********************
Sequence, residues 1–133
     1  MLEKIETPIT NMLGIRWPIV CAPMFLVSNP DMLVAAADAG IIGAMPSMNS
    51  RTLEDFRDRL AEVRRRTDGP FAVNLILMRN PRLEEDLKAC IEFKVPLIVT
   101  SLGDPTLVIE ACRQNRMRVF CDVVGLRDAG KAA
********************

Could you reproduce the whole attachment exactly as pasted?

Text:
Sequence, residues 1–133
     1  MLEKIETPIT NMLGIRWPIV CAPMFLVSNP DMLVAAADAG IIGAMPSMNS
    51  RTLEDFRDRL AEVRRRTDGP FAVNLILMRN PRLEEDLKAC IEFKVPLIVT
   101  SLGDPTLVIE ACRQNRMRVF CDVVGLRDAG KAA